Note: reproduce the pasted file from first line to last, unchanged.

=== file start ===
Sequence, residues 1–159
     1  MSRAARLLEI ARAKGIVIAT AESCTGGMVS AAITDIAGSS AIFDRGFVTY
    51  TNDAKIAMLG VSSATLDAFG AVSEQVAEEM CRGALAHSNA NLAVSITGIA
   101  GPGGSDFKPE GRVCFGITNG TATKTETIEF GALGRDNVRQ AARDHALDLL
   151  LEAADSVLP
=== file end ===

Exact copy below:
Sequence, residues 1–159
     1  MSRAARLLEI ARAKGIVIAT AESCTGGMVS AAITDIAGSS AIFDRGFVTY
    51  TNDAKIAMLG VSSATLDAFG AVSEQVAEEM CRGALAHSNA NLAVSITGIA
   101  GPGGSDFKPE GRVCFGITNG TATKTETIEF GALGRDNVRQ AARDHALDLL
   151  LEAADSVLP